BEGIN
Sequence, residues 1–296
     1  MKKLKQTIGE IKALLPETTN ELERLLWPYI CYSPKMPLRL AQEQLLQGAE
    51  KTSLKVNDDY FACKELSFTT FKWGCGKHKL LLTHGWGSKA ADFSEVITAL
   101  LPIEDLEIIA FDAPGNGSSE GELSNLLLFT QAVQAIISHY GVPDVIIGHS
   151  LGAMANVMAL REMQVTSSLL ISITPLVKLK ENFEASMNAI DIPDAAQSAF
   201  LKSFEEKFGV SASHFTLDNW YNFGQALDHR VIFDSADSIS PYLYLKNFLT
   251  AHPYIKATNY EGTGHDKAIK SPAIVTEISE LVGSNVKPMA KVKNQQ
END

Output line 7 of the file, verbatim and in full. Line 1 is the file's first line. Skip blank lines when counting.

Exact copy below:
   251  AHPYIKATNY EGTGHDKAIK SPAIVTEISE LVGSNVKPMA KVKNQQ